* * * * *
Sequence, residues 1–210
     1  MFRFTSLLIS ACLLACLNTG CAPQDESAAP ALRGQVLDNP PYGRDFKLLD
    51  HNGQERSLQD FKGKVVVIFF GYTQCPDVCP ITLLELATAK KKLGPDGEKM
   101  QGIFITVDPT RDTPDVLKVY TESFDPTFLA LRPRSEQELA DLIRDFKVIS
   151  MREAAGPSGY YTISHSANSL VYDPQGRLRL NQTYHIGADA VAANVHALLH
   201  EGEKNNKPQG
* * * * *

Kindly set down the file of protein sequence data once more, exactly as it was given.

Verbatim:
Sequence, residues 1–210
     1  MFRFTSLLIS ACLLACLNTG CAPQDESAAP ALRGQVLDNP PYGRDFKLLD
    51  HNGQERSLQD FKGKVVVIFF GYTQCPDVCP ITLLELATAK KKLGPDGEKM
   101  QGIFITVDPT RDTPDVLKVY TESFDPTFLA LRPRSEQELA DLIRDFKVIS
   151  MREAAGPSGY YTISHSANSL VYDPQGRLRL NQTYHIGADA VAANVHALLH
   201  EGEKNNKPQG